TERRE HAUTE —
Last Friday, the Indianapolis Star reported that the Metropolitan Interscholastic Conference — home of Terre Haute North and Terre Haute South — is exploring expansion. The league could grow to as many as 16 schools.
MIC expansion could — emphasize … could — signal the end of the line for North and South, members of the MIC since 1998. The article by Kyle Neddenriep said that the MIC has only invited schools “in the Indianapolis donut.”
The article openly speculated about North and South’s future in the league and one would-be expansion candidate — Indianapolis Pike — expressed interest in the MIC, but admitted its interest would cool off if it had to travel to Terre Haute.
The story jives with rumors from multiple sources several of us at the Tribune-Star had heard prior to the article being published. Sports reporter Andy Amey has been working on a story of his own on the topic.
At this point, it must be stressed that anything regarding the MIC is speculative, but it also must be noted that the handwriting on the wall is ominous.
Noting that the North and South MIC purge could be very real, I expressed multiple reservations about it on Twitter last Friday. What I got in response from some — not all — folks was joy.
The reaction ranged from good riddance to let’s use this opportunity to join up with the Bloomington/Evansville/west-side Indy schools.
If only it were that simple.
The comments pre-suppose two things: 1. That there’s a perfect-fit conference out there the Terre Haute schools can just slide into to replace the MIC. 2. That Bloomington/Evansville/westside Indy schools want to pair up with North and South in the first place.
Independence isn’t an option. There are only 26 independent schools in Indiana. Travel would be an unmitigated nightmare for North and South if that’s the route they elected to take.
Unfortunately, geography is an enemy Terre Haute can’t conquer. There isn’t another 5A/4A school within 50 miles of Terre Haute.
Yes, the schools in Bloomington (also vulnerable if Conference Indiana is picked over) and Lafayette (definitely vulnerable if the Hoosier Crossroads Conference is decimated as is likely if the MIC expands), or Evansville might make some semblance of sense to hook up with on paper.
But in reality, those schools and their conferences have concerns and parameters of their own that aren’t just going to be shoved aside for North and South’s benefit.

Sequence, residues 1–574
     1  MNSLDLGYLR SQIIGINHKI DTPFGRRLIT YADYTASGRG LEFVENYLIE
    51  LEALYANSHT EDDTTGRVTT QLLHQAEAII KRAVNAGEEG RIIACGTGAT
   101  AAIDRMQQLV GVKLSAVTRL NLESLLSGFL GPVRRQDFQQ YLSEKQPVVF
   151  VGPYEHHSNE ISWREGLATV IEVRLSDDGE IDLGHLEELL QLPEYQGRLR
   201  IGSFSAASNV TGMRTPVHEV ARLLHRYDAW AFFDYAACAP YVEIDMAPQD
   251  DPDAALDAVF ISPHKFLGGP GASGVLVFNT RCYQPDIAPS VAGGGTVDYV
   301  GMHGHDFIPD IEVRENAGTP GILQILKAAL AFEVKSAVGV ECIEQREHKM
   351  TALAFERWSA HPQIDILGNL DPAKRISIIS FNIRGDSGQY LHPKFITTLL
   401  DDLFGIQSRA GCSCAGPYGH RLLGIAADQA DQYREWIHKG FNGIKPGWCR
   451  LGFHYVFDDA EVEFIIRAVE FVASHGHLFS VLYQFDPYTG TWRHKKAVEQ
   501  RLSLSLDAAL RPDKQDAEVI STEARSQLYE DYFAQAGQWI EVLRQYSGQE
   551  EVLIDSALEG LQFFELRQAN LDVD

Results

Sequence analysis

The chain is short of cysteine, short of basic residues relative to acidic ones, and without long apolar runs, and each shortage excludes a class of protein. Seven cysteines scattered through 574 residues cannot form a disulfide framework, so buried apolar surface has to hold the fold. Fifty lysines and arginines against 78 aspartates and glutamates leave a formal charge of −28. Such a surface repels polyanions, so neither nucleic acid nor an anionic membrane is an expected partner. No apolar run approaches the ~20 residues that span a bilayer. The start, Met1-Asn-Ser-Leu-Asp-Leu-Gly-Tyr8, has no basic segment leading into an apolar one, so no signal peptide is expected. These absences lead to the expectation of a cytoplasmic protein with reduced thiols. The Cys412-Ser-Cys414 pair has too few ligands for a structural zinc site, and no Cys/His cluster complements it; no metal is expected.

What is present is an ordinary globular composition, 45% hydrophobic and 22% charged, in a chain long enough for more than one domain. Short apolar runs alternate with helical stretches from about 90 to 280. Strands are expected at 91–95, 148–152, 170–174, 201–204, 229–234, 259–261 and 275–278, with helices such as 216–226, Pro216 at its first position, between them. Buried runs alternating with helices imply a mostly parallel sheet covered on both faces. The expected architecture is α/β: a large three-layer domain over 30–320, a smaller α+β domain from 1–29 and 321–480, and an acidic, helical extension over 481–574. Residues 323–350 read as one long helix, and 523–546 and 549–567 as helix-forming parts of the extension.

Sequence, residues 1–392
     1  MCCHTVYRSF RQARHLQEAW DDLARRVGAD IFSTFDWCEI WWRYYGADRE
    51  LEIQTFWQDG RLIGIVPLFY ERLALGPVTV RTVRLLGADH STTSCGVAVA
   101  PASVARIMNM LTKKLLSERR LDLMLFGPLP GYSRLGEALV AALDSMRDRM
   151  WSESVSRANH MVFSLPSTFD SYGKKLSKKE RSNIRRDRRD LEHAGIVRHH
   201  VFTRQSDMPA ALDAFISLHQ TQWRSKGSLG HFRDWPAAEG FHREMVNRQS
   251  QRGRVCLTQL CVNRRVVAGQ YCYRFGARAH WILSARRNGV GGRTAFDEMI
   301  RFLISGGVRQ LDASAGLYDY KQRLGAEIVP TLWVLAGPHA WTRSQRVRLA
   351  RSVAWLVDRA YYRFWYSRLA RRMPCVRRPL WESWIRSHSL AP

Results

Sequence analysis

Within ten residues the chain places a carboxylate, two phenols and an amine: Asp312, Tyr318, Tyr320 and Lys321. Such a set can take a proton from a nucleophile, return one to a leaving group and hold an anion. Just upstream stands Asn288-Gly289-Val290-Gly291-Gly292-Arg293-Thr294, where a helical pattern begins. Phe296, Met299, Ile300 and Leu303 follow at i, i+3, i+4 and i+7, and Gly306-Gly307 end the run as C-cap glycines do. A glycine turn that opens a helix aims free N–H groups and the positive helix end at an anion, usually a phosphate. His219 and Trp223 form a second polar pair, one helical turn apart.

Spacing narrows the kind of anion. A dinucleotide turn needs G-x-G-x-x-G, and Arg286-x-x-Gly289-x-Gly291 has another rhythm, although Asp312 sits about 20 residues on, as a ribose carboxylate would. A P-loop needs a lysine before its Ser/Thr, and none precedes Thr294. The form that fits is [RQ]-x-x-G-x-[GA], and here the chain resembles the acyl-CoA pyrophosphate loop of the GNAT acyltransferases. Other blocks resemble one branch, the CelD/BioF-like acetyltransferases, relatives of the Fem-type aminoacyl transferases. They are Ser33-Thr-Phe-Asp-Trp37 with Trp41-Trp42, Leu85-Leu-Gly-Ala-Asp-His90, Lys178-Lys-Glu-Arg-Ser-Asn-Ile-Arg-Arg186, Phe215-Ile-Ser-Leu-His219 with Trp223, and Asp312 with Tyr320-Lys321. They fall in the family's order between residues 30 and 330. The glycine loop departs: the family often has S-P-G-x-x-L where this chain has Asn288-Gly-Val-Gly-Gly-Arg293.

My biggest concern, however, is for North and South’s student-athletes.
Though the MIC losses have piled up for North and South in some sports, so have opportunities that might not have been there if not for the MIC. Opportunities that would be harder to come by if the Patriots and Braves beat up on smaller schools for the sake of better W-L records, which is what some fans want.
Right now, Terre Haute’s athletes and teams get to be tested against the best of the best. There’s a lot to be said for that, even if on a year-to-year basis it can be frustrating to absorb defeats given the depth of talent in the larger schools in the MIC.
On my Indiana State beat, I look at a player like Jake Odum, who was initially ignored as a potential recruit at South.
One selling point Odum had was that he proved he could perform in the MIC. It led directly to scholarship rather than a walk-on offer from ISU. Three years later, not only has Odum had a successful Sycamore career, but he’s considered one of the best point guards in the Missouri Valley Conference.
Does any of that happen if Odum hadn’t played in the MIC? Perhaps … perhaps not.
Though North and South’s teams are often on the short end in the MIC, not all have been. Does Terre Haute South’s girls basketball team win its state title in 2002 if it hadn’t been tested in the MIC? One of South’s two losses in 2002 was to Lawrence North and it beat Ben Davis in a tense semistate game.
Terre Haute North and South’s tennis, golf, volleyball, baseball and softball teams have been pushed to some high peaks, partly because of participation in the MIC. Even football, the sport where North and South are at the biggest disadvantage against the cream of the MIC crop, there have been beneficiaries.
In my time, at ISU alone, athletes like Jamie Petrowski, Daniel Millington, Brock Lough, Michael Mardis and several others have proved they could thrive at the Division I level. Take away the MIC and are those players as ready to perform at that level as they would’ve been otherwise? Perhaps … perhaps not.
Current football athletes like North’s Calvin Blank (Ball State) and Austin Lewis (Western Michigan) as well as South’s Danny Etling (Purdue) are FBS-bound. Without the MIC, does that happen?
I hope the MIC speculation is just that and both North and South stay. Perhaps a bigger MIC can be a more fair MIC. If the MIC goes to 16 schools, perhaps it can have large and small-school divisions — or more accurately — gargantuan and mega divisions.
North and South might not have the depth of talent that a 3,000-enrollment school has, but it gets proven time and again that there is talent here. The MIC gives Terre Haute’s athletes a chance to show it.
But if North and South are compelled to leave the MIC, a choice that admittedly might not ultimately be theirs, just be careful what you wish for. Departure from the MIC might improve W-L records, but it could also come at the expense of opportunities for Terre Haute athletes.
Todd Golden is sports editor of the Tribune-Star. He can be reached at (812) 231-4272 or firstname.lastname@example.org. Follow Golden on Twitter @TribStarTodd.